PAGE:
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8 Surreal Books Like Life of Pi

8 Surreal Books Like Life of Pi

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If you want fiction that challenges you, that has you exploring alternative meanings and questioning reality then look no further than this list of books like Life of Pi. Classed as a philosophical novel exploring religion and the effects of trauma, the art (and importance) of storytelling is also at the heart of Yann Martel’s Booker Prize-winning novel. Life of Pi tells the story of Pi Patel, a young Indian boy who loses his entire zoo-keeping family to the ocean when the ship they were sailin... Read more

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Life of Pi

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2006 | Yann Martel

Rated by 21 people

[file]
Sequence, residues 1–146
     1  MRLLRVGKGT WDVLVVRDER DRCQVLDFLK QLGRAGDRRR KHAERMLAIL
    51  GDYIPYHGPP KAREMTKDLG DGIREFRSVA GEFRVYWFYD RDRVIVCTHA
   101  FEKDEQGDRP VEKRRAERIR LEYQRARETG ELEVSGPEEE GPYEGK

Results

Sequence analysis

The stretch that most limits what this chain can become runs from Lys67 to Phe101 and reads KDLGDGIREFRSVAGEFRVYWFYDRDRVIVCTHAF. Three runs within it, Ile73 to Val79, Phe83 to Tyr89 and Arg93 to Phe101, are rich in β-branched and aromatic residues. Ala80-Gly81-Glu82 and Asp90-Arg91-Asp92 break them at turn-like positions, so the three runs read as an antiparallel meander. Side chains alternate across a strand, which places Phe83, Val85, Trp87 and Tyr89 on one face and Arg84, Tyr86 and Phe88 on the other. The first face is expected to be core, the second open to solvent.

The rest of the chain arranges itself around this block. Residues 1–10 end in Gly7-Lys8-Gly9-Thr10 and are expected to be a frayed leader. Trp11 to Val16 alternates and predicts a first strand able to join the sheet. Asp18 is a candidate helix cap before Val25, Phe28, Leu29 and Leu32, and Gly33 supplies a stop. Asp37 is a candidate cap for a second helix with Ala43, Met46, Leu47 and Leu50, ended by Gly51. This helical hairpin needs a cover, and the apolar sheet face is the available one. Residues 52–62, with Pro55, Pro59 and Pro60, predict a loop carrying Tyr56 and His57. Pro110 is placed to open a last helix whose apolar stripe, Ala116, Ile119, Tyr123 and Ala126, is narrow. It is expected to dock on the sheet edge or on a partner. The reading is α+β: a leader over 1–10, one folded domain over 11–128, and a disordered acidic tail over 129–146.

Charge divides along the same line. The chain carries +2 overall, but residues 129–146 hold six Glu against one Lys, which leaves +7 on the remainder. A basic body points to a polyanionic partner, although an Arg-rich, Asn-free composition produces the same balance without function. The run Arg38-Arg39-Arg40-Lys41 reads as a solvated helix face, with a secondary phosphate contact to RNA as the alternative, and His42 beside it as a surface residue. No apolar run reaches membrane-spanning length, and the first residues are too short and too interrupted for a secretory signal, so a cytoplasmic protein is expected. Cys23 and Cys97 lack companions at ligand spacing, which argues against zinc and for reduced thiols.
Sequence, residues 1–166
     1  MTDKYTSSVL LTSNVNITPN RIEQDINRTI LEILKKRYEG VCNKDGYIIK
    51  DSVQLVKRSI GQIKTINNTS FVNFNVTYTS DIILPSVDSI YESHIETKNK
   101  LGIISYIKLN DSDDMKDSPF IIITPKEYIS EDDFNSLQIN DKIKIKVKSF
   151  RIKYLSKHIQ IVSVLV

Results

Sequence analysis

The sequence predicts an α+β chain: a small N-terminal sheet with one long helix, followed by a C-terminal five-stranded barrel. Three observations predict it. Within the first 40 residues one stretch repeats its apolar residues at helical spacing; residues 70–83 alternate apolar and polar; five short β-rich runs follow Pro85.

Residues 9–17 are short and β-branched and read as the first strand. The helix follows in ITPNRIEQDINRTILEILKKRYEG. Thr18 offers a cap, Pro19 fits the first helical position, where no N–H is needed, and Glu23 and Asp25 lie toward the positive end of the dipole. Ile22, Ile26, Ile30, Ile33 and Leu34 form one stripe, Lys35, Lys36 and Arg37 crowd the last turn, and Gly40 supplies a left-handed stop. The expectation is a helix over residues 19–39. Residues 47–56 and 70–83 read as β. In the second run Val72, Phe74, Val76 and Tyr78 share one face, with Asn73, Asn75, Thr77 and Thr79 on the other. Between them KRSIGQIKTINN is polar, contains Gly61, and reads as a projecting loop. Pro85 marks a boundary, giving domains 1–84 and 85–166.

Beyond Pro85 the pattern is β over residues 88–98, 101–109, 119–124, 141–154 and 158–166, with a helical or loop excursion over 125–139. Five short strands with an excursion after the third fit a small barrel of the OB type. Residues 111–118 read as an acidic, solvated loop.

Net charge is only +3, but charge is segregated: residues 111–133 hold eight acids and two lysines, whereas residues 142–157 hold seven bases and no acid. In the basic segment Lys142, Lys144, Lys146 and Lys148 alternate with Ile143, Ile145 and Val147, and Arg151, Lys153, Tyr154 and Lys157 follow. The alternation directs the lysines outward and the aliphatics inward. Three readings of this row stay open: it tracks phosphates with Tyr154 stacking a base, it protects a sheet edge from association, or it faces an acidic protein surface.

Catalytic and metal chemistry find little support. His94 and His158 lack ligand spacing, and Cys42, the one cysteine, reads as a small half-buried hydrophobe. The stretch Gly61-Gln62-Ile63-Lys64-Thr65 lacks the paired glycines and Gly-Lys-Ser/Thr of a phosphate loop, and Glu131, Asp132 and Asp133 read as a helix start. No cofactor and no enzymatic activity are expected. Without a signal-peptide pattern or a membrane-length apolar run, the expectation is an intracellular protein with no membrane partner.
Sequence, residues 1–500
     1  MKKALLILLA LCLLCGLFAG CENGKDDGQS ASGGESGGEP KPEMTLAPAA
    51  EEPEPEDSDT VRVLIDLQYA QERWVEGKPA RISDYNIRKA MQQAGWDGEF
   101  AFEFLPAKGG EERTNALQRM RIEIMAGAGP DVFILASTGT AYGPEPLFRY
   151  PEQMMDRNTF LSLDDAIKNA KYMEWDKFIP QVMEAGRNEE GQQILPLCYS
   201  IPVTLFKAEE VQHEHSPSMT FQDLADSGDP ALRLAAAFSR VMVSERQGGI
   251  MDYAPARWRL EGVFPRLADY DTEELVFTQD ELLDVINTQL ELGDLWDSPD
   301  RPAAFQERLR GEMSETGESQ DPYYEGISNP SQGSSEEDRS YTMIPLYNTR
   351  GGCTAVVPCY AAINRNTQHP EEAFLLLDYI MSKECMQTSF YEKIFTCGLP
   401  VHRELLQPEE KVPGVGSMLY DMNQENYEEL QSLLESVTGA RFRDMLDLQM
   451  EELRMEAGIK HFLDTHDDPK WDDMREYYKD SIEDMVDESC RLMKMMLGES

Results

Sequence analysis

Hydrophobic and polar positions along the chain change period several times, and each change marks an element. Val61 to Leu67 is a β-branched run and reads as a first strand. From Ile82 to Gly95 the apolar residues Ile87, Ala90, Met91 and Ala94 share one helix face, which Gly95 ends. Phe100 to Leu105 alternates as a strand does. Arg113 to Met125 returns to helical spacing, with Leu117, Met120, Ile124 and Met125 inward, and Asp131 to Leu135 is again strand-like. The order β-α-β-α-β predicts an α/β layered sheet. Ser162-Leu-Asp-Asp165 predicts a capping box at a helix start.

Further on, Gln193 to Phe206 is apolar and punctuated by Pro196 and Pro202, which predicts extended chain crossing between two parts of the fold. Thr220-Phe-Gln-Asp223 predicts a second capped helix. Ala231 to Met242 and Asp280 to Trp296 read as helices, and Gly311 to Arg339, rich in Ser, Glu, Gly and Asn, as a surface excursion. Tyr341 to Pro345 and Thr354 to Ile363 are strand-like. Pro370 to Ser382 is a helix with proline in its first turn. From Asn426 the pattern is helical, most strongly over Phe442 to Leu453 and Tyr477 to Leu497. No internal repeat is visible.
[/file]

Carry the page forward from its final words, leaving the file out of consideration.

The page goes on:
Life of Pi is a masterful and utterly original novel that is at once the story of a young castaway who faces immeasurable hardships on the high seas, and a meditation on religion, faith, art and life that is as witty as it is profound. Using the threads of all of our best stories, Yann Martel has woven a glorious spiritual adventure that makes us question what it means to be alive, and to believe. Growing up in Pondicherry, India, Piscine Molitor Patel -- known as Pi -- has a rich life. Bookish by nature, young Pi acquires a broad knowledge of not only the great religious texts but of all literature, and has a great curiosity about how the world works. His family runs the local zoo, and he spends many of his days among goats, hippos, swans, and bears, developing his own theories about the nature of animals and how human nature conforms to it. Pi's family life is quite happy, even though his brother picks on him and his parents aren't quite sure how to accept his decision to simultaneously embrace and practise three religions -- Christianity, Hinduism, and Islam. But despite the lush and nurturing variety of Pi's world, there are broad political changes afoot in India, and when Pi is sixteen his parents decide that the family needs to escape to a better life. Choosing to move to Canada, they close the zoo, pack their belongings, and board a Japanese cargo ship called the "Tsimtsum." Travelling with them are many of their animals, bound for zoos in North America. However, they have only just begun their journey when the ship sinks, taking the dreams of the Patel family down with it. Only Pi survives, cast adrift in a lifeboat with the unlikeliest of travelling companions: a zebra, an orang-utan, a hyena, and a 450-pound Royal Bengal tiger named Richard Parker. Thus begins Pi Patel's epic, 227-day voyage across the Pacific, and the powerful story of faith and survival at the heart of Life of Pi. Worn and scared, oscillating between hope and despair, Pi is witness to the playing out of the food chain, quite aware of his new position within it. When only the tiger is left of the seafaring menagerie, Pi realizes that his survival depends on his ability to assert his own will, and sets upon a grand and ordered scheme to keep from being Richard Parker's next meal. As the days pass, Pi fights both boredom and terror by throwing himself into the practical details of surviving on the open sea -- catching fish, collecting rain water, protecting himself from the sun -- all the while ensuring that the tiger is also kept alive, and knows that Pi is the key to his survival. The castaways face gruelling pain in their brushes with starvation, illness, and the storms that lash the small boat, but there is also the solace of beauty: the rainbow hues of a dorado's death-throes, the peaceful eye of a looming whale, the shimmering blues of the ocean's swells. Hope is fleeting, however, and despite adapting his religious practices to his daily routine, Pi feels the constant, pressing weight of despair. It is during the most hopeless and gruelling days of his voyage that Pi whittles to the core of his beliefs, casts off his own assumptions, and faces his underlying terrors head-on. As Yann Martel has said in one interview, "The theme of this novel can be summarized in three lines. Life is a story. You can choose your story. And a story with an imaginative overlay is the better story." And for Martel, the greatest imaginative overlay is religion. "God is a shorthand for anything that is beyond the material -- any greater pattern of meaning." In Life of Pi, the question of stories, and of what stories to believe, is front and centre from the beginning, when the author tells us how he was led to Pi Patel and to this novel: in an Indian coffee house, a gentleman told him, "I have a story that will make you believe in God." And as this novel comes to its brilliant conclusion, Pi shows us that the story with the imaginative overlay is also the story that contains the most truth. "From the Trade Paperback edition."